How to fix red-eye on your Windows Phone (Lumia 1020)

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Snapping away at a New Year's Eve party with your Lumia 1020? One of the few drawbacks of having a 'proper' (i.e. Xenon) flash on a smartphone camera is that there's inevitably some 'red-eye' reflection from the eyes of people you snap. Here's how to fix the 'red-eye' on Windows Phone, i.e. fix it on the device and then share from there in time for the big 2014 countdown. With a lot of solutions in the Windows Phone Store, surely one of them would do the job?

Here's a typical Lumia 1020 photo, taken with the Xenon flash on. Yes, a 'selfie', without my glasses on, so as not to complicate things. As you can see, there are bright spots where my pupils should be - this is the typical reflection off the back of my retinas and is normally dubbed 'red eye' because the bright spots are often (but not always completely) red - I guess it depends on the amount of blood in the vessels at the back of the eyes? Or something biologically clever like that, no doubt... In the shot below, there's a red core and a brighter white spot at the centre:

Red eye shot

Red eye detail

There's the challenge then, I'm using this test shot as the input to everything tested below.


In alphabetical order, here's my rundown of applications in the Windows Phone Store which claim to fix 'red eye':

CleverPhoto (v2.2)

A 'clever' set of sliding control panels give way to a red eye control - tap to roughly select each eye and the software gets to work dealing with the patches of red. However, there's no way to zoom in to see exactly what has been done and ugly green frames were left around each eye socket in the image. 

Screenshot, Red-eye articleScreenshot, Red-eye article

There's potential here but more work is needed by the developer.

Fix Red Eye (v1.5)

A dedicated utility and one which does the job near perfectly. Rather than relying on automatic detection of the red eye region, it gives you complete control - zoom in to each eye, position the circle and select both pupil tint and degree of the effect. Rinse and repeat for the other eye and you're done.

Screenshot, Red-eye articleScreenshot, Red-eye article

It's necessarily a little fiddly because the process is manual, but that also means that you get what you want from the final saved image.

ImaZing (v1.3)

Annoyingly not allowing me to zoom in to check results, ImaZing also failed to work in reducing red eye - at all. You draw a small rectangle around the eye area and then apply the effect - which turns out not to touch the red eye at all and instead just add some green corruption to the corner of the effect area.

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No use whatsoever (for red eye removal, at least).

Instaphoto / Photo Editor / Picture Perfect

(these and several other listed apps all come up as the same interface, I suspect foul play by one or more developers! Also note that there are MULTIPLE app with the name 'Photo Editor', so be careful!)

Toggling between a 'zoom/pan' view and a strip of red eye effect circles of different sizes is decent enough, but the image zooming is slow and clumsy, plus actually applying the effect is a one-time tihng and you can't place it accurately because your finger tip obscures the placement area. A nudge-able cursor of some kind would work far better.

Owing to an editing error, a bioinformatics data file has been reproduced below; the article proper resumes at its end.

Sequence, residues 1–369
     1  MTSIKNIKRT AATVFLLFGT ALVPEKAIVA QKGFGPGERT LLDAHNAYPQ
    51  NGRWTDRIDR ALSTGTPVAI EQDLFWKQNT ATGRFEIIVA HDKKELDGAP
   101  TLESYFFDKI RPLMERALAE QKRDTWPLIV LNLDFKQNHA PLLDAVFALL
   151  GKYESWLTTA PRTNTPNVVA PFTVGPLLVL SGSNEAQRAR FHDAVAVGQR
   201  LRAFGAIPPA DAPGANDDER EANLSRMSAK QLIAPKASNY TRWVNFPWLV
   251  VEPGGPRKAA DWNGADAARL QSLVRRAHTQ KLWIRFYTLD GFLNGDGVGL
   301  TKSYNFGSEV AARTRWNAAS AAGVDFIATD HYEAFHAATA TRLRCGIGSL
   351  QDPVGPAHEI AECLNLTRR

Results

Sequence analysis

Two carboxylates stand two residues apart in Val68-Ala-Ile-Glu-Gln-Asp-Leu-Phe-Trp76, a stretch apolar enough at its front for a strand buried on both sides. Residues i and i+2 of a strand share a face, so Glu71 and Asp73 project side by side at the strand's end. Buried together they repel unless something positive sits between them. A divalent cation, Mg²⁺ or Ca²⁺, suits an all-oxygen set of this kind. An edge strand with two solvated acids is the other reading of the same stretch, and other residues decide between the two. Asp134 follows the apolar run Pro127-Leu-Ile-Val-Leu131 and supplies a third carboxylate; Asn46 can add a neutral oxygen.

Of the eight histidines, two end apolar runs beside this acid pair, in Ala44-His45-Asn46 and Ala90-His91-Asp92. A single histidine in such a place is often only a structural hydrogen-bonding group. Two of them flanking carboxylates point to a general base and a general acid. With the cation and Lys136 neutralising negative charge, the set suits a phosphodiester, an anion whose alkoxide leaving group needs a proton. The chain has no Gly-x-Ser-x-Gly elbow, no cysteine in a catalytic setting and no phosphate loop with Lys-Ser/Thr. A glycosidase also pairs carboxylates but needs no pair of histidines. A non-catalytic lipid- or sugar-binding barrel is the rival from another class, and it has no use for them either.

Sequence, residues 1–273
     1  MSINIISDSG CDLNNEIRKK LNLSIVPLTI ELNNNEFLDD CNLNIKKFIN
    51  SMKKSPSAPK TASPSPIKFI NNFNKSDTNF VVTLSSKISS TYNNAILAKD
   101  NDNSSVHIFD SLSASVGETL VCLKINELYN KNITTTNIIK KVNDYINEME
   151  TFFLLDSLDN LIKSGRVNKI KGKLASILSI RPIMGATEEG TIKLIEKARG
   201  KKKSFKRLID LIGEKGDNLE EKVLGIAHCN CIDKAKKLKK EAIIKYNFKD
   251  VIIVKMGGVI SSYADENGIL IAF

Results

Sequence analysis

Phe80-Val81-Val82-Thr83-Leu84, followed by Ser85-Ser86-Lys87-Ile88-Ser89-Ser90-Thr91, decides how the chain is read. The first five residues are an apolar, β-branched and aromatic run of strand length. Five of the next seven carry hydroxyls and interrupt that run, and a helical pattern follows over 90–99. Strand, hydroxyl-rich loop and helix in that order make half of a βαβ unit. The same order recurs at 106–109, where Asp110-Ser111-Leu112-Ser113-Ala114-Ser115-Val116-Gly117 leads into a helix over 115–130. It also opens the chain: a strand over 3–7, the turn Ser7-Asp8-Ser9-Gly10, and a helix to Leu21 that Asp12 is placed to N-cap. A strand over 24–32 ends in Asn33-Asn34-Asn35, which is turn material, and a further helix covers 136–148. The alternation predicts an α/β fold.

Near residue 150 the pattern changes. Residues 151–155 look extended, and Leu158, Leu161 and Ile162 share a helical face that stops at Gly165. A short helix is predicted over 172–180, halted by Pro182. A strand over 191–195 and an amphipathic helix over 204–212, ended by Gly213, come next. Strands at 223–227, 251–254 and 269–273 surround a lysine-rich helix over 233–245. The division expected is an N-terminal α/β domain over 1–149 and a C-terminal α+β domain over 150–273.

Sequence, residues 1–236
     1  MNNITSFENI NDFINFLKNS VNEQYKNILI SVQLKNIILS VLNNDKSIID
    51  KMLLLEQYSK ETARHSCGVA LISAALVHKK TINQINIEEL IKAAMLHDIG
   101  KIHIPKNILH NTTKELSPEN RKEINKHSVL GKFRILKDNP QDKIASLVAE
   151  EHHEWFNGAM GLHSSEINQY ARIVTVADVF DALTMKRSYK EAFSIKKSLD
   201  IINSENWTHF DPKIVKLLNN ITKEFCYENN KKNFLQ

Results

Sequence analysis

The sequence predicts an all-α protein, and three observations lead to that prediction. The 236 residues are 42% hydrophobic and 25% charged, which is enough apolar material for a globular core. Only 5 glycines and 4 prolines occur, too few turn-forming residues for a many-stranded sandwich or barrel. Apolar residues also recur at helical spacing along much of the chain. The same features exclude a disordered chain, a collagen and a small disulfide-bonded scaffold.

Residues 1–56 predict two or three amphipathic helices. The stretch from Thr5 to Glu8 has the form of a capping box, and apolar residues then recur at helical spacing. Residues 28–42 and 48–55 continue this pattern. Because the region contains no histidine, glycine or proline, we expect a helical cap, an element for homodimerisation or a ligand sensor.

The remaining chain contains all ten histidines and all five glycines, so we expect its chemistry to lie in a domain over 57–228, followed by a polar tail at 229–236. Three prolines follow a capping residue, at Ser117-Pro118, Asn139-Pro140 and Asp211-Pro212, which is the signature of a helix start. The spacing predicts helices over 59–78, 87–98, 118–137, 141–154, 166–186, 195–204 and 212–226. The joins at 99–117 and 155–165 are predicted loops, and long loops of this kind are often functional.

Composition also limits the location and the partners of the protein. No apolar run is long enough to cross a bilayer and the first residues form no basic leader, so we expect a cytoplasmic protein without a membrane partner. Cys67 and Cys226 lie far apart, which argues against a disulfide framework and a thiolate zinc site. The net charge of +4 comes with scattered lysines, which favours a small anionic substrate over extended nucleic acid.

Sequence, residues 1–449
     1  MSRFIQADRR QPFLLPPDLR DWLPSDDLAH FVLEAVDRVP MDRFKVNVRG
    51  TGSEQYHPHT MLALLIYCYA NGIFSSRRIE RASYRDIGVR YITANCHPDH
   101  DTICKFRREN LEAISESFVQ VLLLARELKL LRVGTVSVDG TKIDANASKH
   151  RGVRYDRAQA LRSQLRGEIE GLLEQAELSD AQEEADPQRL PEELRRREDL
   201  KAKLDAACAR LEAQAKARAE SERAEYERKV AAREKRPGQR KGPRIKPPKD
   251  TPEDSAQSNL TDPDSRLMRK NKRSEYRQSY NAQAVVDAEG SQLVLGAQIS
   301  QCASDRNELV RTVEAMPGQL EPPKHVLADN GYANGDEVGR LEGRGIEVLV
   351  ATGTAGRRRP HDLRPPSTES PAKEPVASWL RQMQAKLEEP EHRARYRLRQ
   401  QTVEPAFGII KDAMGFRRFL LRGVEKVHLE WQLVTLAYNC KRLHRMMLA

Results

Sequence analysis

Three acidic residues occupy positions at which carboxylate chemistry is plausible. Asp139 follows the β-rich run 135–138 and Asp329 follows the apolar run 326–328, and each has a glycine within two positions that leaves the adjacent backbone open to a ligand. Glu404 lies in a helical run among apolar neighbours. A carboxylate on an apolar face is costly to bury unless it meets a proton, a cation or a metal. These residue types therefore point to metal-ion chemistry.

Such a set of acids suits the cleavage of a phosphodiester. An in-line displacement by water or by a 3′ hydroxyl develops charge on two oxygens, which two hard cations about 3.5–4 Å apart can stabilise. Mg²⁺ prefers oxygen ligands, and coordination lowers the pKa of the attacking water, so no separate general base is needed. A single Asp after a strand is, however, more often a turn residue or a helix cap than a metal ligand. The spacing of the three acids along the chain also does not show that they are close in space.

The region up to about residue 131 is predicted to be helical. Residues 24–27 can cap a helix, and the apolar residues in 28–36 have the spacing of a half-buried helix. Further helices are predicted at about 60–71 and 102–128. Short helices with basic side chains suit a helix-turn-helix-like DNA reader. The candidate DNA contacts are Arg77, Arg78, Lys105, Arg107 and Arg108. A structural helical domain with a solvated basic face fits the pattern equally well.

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Clumsy, overall.

Nokia Creative Studio

Ah, trust Nokia to 'do it right'. Creative Studio (in addition to a lot of other effects and fixes) simply requires you to ask the software to 'fix red eye' and everything's done for you. Both eyes, all red gone, with just the central glint left in place - the 'sparkle', if you will....

Screenshot, Red-eye articleScreenshot, Red-eye article

In fairness, I tried this on several other photos with different degrees and tints of red eye, and a few of the pupils got 'missed' and there's no way to tune the algorithms to widen the tolerance. Still, as a quick automatic solution it's well worth a try, even if you have to turn to another app on this page to tweak the photo further.

Photo Editor (v1.6)

Despite offering a huge amount of effects, they're all performed on a view that you can't zoom, to fine tune. Red eye is a matter of dragging on two circles, trying to centre each around each eye and then applying the effect. Which got rid of the red eye, but also applied ugly colouration to other parts of the eye sockets.

Screenshot, Red-eye articleScreenshot, Red-eye article

Best avoided, clumsy and easily confused with the other 'Photo Editor' apps....

Red Eye Fix (v1.0)

Another dedicated, manual tool and one which also works well. A simple slider controls the size of the circular red eye tool and you can pan and zoom the face detail as required. There's no control over eye tint (as in Fix Red Eye, above), but otherwise it's similar in operation and just as effective.

Screenshot, Red-eye articleScreenshot, Red-eye article

Red Eye Remover (v1.0)

Ah, we're back to 'can't zoom, can't fix either' territory here. The automatic fix mode did nothing at all and the manual 'tap the eyes' method produced the horrible goggle effect shown below:

Screenshot, Red-eye articleScreenshot, Red-eye article

A complete waste of time.


Happily, despite the number of options (and I'm sure there's at least one that I've missed), there's a clear way forwards for your Windows Phone-captured photos:

Try the auto red eye fix in the free Nokia Creative Studio first - and, if that doesn't work, splash out a quid and have a bash yourself with Fix Red Eye.

After which, you're good to go and good to share your party flash moments without anyone looking like they're secretly an android with laser eyes!